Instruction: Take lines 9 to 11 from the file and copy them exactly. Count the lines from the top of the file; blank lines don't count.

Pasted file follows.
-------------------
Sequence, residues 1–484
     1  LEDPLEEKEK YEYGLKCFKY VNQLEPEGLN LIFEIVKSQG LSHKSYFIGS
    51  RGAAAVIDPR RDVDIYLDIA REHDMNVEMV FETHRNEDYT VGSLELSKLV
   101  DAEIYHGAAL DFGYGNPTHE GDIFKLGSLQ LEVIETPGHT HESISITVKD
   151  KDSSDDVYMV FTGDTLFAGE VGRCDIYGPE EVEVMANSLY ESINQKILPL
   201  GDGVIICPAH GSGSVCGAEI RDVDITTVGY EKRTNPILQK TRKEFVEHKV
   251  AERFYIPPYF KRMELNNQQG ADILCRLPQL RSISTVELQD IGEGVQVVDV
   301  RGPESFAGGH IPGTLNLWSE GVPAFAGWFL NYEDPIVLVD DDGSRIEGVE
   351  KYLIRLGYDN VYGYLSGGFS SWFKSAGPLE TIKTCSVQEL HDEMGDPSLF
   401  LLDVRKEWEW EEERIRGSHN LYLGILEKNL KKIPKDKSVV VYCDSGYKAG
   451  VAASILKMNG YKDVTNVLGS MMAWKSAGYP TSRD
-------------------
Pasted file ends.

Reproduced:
   351  KYLIRLGYDN VYGYLSGGFS SWFKSAGPLE TIKTCSVQEL HDEMGDPSLF
   401  LLDVRKEWEW EEERIRGSHN LYLGILEKNL KKIPKDKSVV VYCDSGYKAG
   451  VAASILKMNG YKDVTNVLGS MMAWKSAGYP TSRD